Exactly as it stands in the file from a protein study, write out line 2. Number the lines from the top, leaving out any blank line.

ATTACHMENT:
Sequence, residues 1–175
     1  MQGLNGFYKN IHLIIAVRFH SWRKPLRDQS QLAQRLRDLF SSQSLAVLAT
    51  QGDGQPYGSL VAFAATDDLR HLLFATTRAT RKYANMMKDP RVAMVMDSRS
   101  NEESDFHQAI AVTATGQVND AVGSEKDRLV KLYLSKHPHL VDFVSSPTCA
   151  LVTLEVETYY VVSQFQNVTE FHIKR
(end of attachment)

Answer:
     1  MQGLNGFYKN IHLIIAVRFH SWRKPLRDQS QLAQRLRDLF SSQSLAVLAT